Shintaro Sakamoto: Beyond Legacy, Beyond Trend

Shintaro Sakamoto: Beyond Legacy, Beyond Trend

“Legacy doesn't prove what you are today. The music you make today does.”


Shintaro Sakamoto is finally back. A lot has changed since Sakamoto released his previous album, Love If Possible, in 2016: the launch of Spotify Japan, the global pandemic and Sakamoto himself marking his 50th lap around the sun in 2017, to name a few. Sakamoto, one of Japan’s artistic living legends, is under no illusions as to the state of the world right now, but the Osaka-born musician keeps his head up and tries to avoid letting negativity take over. This month, his fourth solo album, Like A Fable — a vibrant, optimistic work — comes at what feels like a crucial time in our lives. According to Sakamoto, his aim was to create an uplifting album that fans could truly get excited about. 

Some will recognize Sakamoto as the guitarist for renowned psychedelic rock band Yura Yura Teikoku, while others may know him only as a solo artist who has continuously scored about 8.0 on Pitchfork’s album reviews. However, neither of these accolades matter to him. “Even if you wrote great music in the past, there’s no point if you end up being lame today,” says Sakamoto. While it might be understandable for Sakamoto to rest on his laurels after such an enviable career, the achievements of his past aren’t relevant to him in the present. Instead, he’s looking ahead and giving everything he has to every moment.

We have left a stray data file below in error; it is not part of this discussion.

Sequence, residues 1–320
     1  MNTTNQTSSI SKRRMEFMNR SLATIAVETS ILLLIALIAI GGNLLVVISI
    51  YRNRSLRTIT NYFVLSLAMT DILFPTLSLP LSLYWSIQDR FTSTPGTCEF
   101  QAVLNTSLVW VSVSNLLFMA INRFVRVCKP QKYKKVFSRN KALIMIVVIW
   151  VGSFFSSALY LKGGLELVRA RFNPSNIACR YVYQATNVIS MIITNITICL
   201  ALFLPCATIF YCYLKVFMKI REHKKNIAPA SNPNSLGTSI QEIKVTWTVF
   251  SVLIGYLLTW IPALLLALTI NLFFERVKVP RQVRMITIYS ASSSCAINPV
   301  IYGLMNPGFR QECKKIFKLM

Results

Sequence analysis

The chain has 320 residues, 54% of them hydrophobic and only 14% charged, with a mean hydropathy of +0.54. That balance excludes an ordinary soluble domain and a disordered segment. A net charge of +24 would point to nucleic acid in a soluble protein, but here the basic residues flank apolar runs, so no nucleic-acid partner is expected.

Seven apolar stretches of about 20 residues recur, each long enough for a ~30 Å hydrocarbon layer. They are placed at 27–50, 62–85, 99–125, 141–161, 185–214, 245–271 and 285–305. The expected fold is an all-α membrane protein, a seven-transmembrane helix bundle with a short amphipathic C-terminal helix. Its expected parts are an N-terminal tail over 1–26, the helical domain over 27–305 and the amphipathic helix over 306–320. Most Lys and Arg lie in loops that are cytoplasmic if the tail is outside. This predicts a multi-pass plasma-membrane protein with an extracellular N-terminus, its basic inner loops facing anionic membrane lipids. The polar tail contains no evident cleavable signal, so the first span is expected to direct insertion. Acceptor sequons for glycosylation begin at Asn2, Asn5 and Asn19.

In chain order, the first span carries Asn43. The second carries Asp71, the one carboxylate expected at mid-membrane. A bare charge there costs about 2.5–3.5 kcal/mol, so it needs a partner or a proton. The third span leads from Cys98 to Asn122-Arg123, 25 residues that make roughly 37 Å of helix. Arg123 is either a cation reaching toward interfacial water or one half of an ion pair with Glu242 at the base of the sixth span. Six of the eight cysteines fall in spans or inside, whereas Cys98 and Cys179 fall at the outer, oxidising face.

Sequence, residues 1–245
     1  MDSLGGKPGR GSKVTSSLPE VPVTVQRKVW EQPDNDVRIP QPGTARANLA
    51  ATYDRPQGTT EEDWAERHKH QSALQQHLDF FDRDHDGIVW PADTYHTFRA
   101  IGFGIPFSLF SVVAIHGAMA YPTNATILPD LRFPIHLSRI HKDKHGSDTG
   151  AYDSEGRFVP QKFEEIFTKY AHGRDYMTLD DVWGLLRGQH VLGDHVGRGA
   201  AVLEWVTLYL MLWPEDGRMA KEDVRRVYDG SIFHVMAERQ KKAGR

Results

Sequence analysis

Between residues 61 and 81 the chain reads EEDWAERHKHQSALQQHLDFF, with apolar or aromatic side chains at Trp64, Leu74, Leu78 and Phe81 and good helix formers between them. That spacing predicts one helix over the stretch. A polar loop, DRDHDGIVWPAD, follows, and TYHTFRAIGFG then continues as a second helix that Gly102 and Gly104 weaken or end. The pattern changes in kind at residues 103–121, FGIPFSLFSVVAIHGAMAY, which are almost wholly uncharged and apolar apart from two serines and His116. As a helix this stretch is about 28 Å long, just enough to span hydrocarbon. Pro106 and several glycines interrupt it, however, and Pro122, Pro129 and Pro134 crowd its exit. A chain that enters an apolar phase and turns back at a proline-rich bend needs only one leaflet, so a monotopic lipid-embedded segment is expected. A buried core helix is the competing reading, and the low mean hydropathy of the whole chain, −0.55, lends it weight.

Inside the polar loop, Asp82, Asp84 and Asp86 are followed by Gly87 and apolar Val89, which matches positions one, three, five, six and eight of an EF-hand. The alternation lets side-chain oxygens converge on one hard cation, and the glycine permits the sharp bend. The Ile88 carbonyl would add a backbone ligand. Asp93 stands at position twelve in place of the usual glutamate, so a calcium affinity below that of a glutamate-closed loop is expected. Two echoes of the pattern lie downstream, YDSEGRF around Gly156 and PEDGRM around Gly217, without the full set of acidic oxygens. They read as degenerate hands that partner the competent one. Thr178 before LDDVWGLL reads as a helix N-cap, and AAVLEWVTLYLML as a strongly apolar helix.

Shintaro Sakamoto

While much of Japan’s golden era of music can now only be appreciated retrospectively, it seems like fans still have much to enjoy from Sakamoto as an active artist. The news of his latest album brings fans joy and excitement, and they look forward to his live shows while listening to his work. It’s an ongoing process, and no exaggeration to say we’re privileged to appreciate his music today. 

Upon releasing the new album “Like A Fable,” Metropolis spoke to Sakamoto about the album, his method of songwriting and his philosophy as a decades-running musician. 

Metropolis: On the lead track, “Like A Fable,” it seems like Kamishibai is a metaphor for nostalgia. Is this song appreciating the good old days?

Shintaro Sakamoto: To be honest, I don’t really want to talk about that or be an old man who sighs about the current world. That said, this song has an evocative element to some extent, but “past is better than the present” isn’t the main subject. So instead, I intended to sing something more uplifting. 

M: “You Have Time But I Don’t” and” Sad Errand” stand out to me. Surf rock-esque and catchy songs to dance to. What was it like to write those songs?

SS: These songs are quite new types of songs I didn’t write for the previous albums. Actually, I could picture the whole image of the album when I wrote these two songs. So I think they are probably a feature of this one. The lyrics are actually not very optimistic. I wish I could write something simpler and silly, but that was as far as I could go. I still like how these songs turned out, though.

M: What do you mean by silly?

SS: For me, meaningless and silly are the adjectives I’m aiming for when songwriting. It would be easy to make purely meaningless songs, but not so easy to create songs without meaning that still match the mood of the current world. It’s inevitable to reflect the vibe of the society in which we all live.

M: This is the first album in six years. Could you tell us the theme for it?